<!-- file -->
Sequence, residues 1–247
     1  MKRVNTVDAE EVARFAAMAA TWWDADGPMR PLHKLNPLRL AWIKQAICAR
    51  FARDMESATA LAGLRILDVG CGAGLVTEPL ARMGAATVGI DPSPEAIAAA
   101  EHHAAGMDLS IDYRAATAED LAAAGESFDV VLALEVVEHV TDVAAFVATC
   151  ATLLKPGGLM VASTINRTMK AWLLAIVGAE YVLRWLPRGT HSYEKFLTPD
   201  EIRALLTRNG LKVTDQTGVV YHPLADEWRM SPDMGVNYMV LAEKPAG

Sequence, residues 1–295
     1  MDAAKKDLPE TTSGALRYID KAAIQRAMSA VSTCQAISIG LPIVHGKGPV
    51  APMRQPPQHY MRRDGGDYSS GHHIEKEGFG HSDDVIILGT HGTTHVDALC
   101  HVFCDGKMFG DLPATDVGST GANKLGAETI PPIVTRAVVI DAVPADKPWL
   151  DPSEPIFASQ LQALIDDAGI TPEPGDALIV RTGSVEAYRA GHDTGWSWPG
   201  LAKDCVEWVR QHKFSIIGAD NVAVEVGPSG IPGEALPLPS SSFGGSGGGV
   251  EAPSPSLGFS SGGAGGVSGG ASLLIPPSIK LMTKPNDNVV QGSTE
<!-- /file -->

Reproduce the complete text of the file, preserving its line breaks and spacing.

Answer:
Sequence, residues 1–247
     1  MKRVNTVDAE EVARFAAMAA TWWDADGPMR PLHKLNPLRL AWIKQAICAR
    51  FARDMESATA LAGLRILDVG CGAGLVTEPL ARMGAATVGI DPSPEAIAAA
   101  EHHAAGMDLS IDYRAATAED LAAAGESFDV VLALEVVEHV TDVAAFVATC
   151  ATLLKPGGLM VASTINRTMK AWLLAIVGAE YVLRWLPRGT HSYEKFLTPD
   201  EIRALLTRNG LKVTDQTGVV YHPLADEWRM SPDMGVNYMV LAEKPAG

Sequence, residues 1–295
     1  MDAAKKDLPE TTSGALRYID KAAIQRAMSA VSTCQAISIG LPIVHGKGPV
    51  APMRQPPQHY MRRDGGDYSS GHHIEKEGFG HSDDVIILGT HGTTHVDALC
   101  HVFCDGKMFG DLPATDVGST GANKLGAETI PPIVTRAVVI DAVPADKPWL
   151  DPSEPIFASQ LQALIDDAGI TPEPGDALIV RTGSVEAYRA GHDTGWSWPG
   201  LAKDCVEWVR QHKFSIIGAD NVAVEVGPSG IPGEALPLPS SSFGGSGGGV
   251  EAPSPSLGFS SGGAGGVSGG ASLLIPPSIK LMTKPNDNVV QGSTE